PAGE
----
Tap, Ballet, Pre-Dance, & Adult Classes
Winner of the
Port Hope Chamber of Commerce Young Professional Award
Tracy began her dance journey at the age of 4 in Orillia, Ontario after a doctor recommended that she take dance to help improve a physical condition. She started with ballet and jazz and was quickly attracted to tap. She found lyrical to be especially valuable in her teenage years as a way for her to release many emotions. Her first experiences with competitive dance were not that positive, but she came to love performing. Dance became her passion, inspiring her to become a dance teacher and to eventually open her own studio in 2004.
Tracy has been inspired by her creative experiences and strong friendships with fellow dancers who pushed one another to be stronger and better. She has been strongly influenced by dance teachers and professional colleagues who modelled kindness, patience, energy and passion. She believes that these individuals motivated her to be a better person, tap dancer, teacher and mentor.
Tracy received many awards throughout Canada and the USA, including 3rd place Miss Dance of Canada. She continues her dance education on a regular basis and travels to Chicago, Boston, and New York City to attend classes. Tracy has performed professionally with the Advanced Performance Company, the David Cox Tap Company, and the Foley Company at the Tap Dance Center. She is a former member of What's On? Tap!, an all-female tap dance company. Tracy is also a certified member of Sole Power Fitness, a program that combines tap dance with a cardio class to provide a fun, effective way to enhance the fitness of tap dancers. For her role as a studio owner, Tracy has developed her skills in customer service and small business management through professional certification in the areas of Office Administration and Social Media Marketing.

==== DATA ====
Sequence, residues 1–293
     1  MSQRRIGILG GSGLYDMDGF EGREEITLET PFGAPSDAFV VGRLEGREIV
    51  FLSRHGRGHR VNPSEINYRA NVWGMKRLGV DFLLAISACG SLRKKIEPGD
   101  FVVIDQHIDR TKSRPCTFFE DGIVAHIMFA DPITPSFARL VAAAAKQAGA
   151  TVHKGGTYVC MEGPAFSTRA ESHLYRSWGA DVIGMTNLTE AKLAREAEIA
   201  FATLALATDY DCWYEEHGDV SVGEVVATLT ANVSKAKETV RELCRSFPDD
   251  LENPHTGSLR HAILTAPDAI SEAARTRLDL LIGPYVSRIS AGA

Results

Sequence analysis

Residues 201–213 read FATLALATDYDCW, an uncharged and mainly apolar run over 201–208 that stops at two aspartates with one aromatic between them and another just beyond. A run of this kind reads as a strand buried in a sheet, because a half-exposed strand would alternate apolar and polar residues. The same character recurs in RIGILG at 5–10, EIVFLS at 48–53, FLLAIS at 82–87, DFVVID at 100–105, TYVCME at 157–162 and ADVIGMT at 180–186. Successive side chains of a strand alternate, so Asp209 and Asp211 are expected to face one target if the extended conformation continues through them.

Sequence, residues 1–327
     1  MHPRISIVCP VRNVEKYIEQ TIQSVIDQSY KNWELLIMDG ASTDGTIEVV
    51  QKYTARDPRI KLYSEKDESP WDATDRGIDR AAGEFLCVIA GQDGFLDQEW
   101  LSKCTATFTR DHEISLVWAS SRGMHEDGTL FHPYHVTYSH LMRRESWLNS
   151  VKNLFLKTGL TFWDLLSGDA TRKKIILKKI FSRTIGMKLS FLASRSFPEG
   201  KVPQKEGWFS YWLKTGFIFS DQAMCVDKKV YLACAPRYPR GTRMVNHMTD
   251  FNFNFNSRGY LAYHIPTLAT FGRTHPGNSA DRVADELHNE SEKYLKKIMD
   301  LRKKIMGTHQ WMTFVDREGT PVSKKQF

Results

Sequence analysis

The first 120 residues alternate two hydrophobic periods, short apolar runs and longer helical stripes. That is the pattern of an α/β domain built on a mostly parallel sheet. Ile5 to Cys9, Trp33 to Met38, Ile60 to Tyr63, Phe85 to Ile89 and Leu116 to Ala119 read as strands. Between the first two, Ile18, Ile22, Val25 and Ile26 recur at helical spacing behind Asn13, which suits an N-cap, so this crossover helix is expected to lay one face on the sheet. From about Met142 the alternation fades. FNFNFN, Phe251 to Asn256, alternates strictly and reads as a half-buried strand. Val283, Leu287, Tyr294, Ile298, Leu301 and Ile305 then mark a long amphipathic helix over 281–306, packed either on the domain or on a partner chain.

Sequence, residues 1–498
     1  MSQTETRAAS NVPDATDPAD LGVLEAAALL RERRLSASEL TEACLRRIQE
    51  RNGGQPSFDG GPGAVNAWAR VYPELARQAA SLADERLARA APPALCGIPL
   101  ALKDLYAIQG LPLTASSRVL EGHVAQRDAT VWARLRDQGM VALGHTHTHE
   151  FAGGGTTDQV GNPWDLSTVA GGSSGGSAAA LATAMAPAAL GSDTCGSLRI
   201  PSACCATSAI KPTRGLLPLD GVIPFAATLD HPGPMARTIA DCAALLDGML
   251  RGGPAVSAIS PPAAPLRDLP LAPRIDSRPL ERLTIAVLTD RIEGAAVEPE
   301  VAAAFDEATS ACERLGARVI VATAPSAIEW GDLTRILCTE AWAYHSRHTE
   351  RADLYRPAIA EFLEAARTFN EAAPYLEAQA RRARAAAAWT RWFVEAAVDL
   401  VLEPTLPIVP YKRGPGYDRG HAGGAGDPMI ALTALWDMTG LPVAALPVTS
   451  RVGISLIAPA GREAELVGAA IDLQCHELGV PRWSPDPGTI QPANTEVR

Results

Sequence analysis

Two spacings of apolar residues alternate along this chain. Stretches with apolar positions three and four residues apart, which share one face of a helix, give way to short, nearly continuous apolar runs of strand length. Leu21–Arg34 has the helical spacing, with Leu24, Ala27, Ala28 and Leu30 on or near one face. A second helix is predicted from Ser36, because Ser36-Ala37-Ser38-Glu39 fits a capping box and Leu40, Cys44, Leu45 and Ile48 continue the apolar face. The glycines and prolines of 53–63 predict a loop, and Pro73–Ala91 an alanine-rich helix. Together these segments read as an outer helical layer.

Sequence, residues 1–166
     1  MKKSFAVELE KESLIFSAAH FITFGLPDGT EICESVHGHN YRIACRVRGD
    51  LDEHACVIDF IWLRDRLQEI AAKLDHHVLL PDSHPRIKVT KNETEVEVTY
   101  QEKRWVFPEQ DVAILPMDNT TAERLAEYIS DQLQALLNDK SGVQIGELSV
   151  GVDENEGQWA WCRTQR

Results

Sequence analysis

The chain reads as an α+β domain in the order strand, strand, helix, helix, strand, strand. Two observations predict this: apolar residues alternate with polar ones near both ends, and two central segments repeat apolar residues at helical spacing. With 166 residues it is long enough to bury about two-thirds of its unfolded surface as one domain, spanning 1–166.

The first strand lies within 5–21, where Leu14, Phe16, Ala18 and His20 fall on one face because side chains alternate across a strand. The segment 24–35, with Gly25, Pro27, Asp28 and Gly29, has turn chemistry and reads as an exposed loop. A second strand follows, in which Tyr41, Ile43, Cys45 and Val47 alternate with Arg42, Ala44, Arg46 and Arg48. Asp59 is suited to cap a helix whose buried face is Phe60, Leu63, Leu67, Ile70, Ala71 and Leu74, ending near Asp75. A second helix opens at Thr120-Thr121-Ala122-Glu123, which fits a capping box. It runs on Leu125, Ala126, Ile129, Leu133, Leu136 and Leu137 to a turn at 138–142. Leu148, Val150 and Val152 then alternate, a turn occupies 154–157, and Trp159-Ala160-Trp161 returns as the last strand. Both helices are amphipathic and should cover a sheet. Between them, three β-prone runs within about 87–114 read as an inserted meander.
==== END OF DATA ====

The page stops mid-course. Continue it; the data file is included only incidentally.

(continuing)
Tracy’s choreography and students have won many overall and special awards at competitions. In the past two years, Tracy and Just Dance have been recognized by the Port Hope Chamber of Commerce, winning two awards – Young Entrepreneur and Healthy Workplace.
Teaching was something Tracy says she fell into, beginning with assisting with younger classes and teaching her friends to dance. It was something she grew to love.
Tracy aims to give dancers a safe space where they can learn and grow not only as dancers but as people. She believes the best part of teaching is watching and contributing to the growth and development of students, not only in dance but in other important aspects of their lives.
During her teaching career, Tracy has taught almost every style of dance. Tap, ballet, and adult classes are among her favourites. She has learned that what is most important is ‘movement’ – not any particular style. She does have a special leaning toward Tap because everyone can do it; they can make their own music and the style is so rich in history.
Tracy says her greatest joy as a teacher is just being there with students, helping them deal with challenges and emotions, observing their learning and celebrating their successes.
Tracy expects her dancers to arrive at the studio with an open mind, a positive mindset and a willingness to give the best they can at that moment. They can expect the same from her. She tries to set clear and realistic expectations for students and to be sure her dancers understand them. She also tries to find ways to let students have input into the design of the class.
Tracy enjoys advanced-level dancers; they challenge her to expand her own learning and to be better prepared. She also loves the energy, fun, and potential of 3-7 year old dancers. She also loves teaching adults. Watching their confidence build with something new inspires her to keep dancing herself.
Tracy admits she prefers the technical side of dance, so she continually works on her choreography. She knows that keeping a class moving forward is essential, even if the technique is not 100% correct. Time management and balance can be a challenge; classes go quickly and there is a tendency to try to squeeze in too much.
Dance is a journey, not just a series of steps. Something new is learned every day – by dancers and their teachers. Tracy is grateful to be a part of her dancers’ journeys.